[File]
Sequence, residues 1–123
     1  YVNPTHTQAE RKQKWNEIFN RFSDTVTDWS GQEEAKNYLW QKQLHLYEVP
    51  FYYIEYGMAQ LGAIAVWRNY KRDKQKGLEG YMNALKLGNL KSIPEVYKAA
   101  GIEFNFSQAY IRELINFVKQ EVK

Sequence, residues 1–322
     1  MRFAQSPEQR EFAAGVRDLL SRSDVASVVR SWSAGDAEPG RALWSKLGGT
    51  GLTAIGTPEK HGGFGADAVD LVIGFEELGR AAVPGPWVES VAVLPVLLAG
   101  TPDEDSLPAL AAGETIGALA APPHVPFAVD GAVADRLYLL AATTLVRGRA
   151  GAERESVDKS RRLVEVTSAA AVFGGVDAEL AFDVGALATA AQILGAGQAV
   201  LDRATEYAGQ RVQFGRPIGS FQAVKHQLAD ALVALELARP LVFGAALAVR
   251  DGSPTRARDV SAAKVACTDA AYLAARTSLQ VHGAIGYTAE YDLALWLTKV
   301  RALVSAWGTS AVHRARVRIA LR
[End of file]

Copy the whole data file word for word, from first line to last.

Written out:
Sequence, residues 1–123
     1  YVNPTHTQAE RKQKWNEIFN RFSDTVTDWS GQEEAKNYLW QKQLHLYEVP
    51  FYYIEYGMAQ LGAIAVWRNY KRDKQKGLEG YMNALKLGNL KSIPEVYKAA
   101  GIEFNFSQAY IRELINFVKQ EVK

Sequence, residues 1–322
     1  MRFAQSPEQR EFAAGVRDLL SRSDVASVVR SWSAGDAEPG RALWSKLGGT
    51  GLTAIGTPEK HGGFGADAVD LVIGFEELGR AAVPGPWVES VAVLPVLLAG
   101  TPDEDSLPAL AAGETIGALA APPHVPFAVD GAVADRLYLL AATTLVRGRA
   151  GAERESVDKS RRLVEVTSAA AVFGGVDAEL AFDVGALATA AQILGAGQAV
   201  LDRATEYAGQ RVQFGRPIGS FQAVKHQLAD ALVALELARP LVFGAALAVR
   251  DGSPTRARDV SAAKVACTDA AYLAARTSLQ VHGAIGYTAE YDLALWLTKV
   301  RALVSAWGTS AVHRARVRIA LR